Many stars vary in brightness, there are many types of these variabilities. Most common are the so called RR Lyrae-stars, that change in brightness within one day. More than 2,500 of this type of stars are known in our galaxy, they all have more or less the same intrinsic brightness.
With other types, the Cepheid variables, the cycle may take between one to one hundred days. Yet other stars have brightness cycles of more than 2 years, these are called the Myra-stars. Mostly these are red giants or supergiant stars.
Cepheid variable stars.
Cepheid variables are supergiant stars that periodically or irragulary vary in brightness because of physical change in size and temperature.
Some cepheids even double in diameter during their pulsating cycle, but usually the change in size is only minor. During the expansion phase the star gets brighter, while the radiation intensity decreases during contraction.
Stars are not cepheid variable all their lifetimes, actually these are normal stars in a temporary unstable period.
The change in the brightness of stars is not always caused by the activity of the stars themselves. Often the variety is caused by a cluster of stars. About 50% of all stars of the Universe belong to a binary star system, where two suns revolve about their common center of mass. The pair is held together by their mutual gravitational attraction. Both stars may come so close to each other that they almost come into collision, others may be millions of kilometers away from each other.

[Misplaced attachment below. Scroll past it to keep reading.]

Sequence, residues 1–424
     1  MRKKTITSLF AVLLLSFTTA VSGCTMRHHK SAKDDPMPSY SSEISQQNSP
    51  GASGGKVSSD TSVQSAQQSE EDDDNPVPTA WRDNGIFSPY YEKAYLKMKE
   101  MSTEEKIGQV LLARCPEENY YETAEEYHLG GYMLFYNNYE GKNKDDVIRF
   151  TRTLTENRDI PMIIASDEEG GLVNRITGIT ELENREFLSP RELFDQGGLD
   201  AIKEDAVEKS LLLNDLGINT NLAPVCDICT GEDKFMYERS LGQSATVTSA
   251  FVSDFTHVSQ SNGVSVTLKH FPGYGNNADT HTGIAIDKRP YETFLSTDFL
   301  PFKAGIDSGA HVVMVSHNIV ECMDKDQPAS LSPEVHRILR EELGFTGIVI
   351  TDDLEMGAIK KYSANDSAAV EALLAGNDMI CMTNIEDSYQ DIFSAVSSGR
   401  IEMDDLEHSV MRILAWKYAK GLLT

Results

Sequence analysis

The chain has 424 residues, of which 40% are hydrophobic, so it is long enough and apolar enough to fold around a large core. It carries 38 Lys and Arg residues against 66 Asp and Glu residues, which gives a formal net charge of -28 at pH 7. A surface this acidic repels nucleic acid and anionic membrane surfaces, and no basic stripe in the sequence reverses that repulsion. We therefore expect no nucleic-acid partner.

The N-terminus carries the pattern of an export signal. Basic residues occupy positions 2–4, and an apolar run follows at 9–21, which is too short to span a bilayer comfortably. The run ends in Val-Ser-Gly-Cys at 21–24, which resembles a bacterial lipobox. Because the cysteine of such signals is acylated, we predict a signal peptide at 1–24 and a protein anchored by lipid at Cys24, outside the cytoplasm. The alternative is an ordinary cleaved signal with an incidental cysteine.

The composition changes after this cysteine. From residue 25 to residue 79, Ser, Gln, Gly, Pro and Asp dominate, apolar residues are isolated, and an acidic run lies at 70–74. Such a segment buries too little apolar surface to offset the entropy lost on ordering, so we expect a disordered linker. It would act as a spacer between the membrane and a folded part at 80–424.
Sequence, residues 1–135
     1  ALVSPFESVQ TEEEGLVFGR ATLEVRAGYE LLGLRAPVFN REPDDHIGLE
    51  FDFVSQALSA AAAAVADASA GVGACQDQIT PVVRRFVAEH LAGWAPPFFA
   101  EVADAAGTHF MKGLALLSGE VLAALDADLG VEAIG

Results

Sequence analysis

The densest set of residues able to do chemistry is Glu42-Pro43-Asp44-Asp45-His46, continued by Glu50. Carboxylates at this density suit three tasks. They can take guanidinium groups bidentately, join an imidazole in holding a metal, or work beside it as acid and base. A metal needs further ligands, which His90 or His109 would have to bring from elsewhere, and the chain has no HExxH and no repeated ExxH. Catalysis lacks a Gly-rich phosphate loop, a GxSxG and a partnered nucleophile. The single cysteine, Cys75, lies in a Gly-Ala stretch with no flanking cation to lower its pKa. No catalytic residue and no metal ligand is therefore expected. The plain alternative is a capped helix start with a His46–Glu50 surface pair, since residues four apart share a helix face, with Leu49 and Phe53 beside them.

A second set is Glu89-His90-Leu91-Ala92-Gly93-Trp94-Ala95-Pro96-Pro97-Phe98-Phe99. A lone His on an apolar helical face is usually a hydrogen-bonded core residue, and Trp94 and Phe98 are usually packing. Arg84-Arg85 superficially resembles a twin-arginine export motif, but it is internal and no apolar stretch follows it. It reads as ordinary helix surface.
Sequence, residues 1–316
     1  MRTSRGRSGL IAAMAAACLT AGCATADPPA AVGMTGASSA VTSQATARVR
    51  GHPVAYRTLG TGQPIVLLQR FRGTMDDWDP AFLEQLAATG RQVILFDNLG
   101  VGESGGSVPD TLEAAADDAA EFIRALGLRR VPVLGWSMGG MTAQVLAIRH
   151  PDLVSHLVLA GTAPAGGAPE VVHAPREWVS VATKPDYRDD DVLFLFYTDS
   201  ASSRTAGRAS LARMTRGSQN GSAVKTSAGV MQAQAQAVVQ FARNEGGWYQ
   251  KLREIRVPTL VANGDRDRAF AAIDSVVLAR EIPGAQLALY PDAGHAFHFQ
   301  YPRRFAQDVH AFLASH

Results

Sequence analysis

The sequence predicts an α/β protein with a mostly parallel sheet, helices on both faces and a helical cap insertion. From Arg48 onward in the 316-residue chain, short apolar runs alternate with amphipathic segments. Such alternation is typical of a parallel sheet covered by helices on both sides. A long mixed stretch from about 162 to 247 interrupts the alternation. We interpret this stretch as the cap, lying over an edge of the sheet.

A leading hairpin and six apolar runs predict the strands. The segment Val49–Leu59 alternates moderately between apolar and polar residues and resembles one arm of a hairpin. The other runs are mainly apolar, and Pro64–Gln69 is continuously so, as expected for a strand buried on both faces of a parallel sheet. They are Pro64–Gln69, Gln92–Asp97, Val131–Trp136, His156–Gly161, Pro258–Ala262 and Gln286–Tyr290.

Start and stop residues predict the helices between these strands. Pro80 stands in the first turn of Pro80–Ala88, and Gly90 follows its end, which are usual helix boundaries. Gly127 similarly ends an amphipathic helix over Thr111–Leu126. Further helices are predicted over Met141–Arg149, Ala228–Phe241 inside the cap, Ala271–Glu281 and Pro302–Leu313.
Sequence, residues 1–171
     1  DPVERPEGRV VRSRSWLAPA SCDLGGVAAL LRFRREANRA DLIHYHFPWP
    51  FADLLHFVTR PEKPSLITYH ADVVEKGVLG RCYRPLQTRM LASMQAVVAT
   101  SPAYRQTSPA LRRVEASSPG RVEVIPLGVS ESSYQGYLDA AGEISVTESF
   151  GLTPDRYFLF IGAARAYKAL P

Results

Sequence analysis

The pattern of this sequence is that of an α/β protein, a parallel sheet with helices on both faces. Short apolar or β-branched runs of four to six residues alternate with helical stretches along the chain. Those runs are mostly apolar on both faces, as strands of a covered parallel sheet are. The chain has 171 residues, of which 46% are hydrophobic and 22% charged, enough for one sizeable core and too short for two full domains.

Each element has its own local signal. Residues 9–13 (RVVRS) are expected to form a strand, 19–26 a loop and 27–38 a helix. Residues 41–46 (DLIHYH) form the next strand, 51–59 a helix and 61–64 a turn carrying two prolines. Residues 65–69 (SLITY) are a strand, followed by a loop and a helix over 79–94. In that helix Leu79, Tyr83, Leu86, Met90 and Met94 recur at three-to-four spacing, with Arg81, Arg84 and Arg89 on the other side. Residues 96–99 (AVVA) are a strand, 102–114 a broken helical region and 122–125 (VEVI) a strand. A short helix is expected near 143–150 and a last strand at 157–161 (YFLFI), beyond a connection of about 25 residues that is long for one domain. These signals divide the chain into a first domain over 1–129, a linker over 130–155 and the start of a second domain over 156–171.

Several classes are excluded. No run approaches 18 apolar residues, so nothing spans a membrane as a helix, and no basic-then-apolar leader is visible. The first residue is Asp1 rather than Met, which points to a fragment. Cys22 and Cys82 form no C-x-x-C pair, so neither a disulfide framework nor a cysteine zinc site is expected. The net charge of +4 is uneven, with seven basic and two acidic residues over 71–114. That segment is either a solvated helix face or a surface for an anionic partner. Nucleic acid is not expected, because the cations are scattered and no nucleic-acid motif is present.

Some multiple starssystem comprise more than two suns, such as the triple stars with three suns or the quadruple stars with four.
From Earth we can observe the changes in brightness of a visual binary star if the plane of its orbit lays in the line of sight. The variations in brightness are then caused by the fact that the stars overlap each other from time to time. The binary stars are observed best when the brightest star passes in front of the weaker star. At the moment the weaker star overlaps the brightest, most light of the brightest is taken away and so the 'star' shines less bright.